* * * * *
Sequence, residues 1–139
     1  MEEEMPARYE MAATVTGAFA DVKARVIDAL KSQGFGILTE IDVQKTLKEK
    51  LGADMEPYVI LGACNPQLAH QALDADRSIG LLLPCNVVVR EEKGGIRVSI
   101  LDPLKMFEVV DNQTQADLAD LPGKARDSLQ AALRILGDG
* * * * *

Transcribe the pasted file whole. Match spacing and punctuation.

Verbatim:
Sequence, residues 1–139
     1  MEEEMPARYE MAATVTGAFA DVKARVIDAL KSQGFGILTE IDVQKTLKEK
    51  LGADMEPYVI LGACNPQLAH QALDADRSIG LLLPCNVVVR EEKGGIRVSI
   101  LDPLKMFEVV DNQTQADLAD LPGKARDSLQ AALRILGDG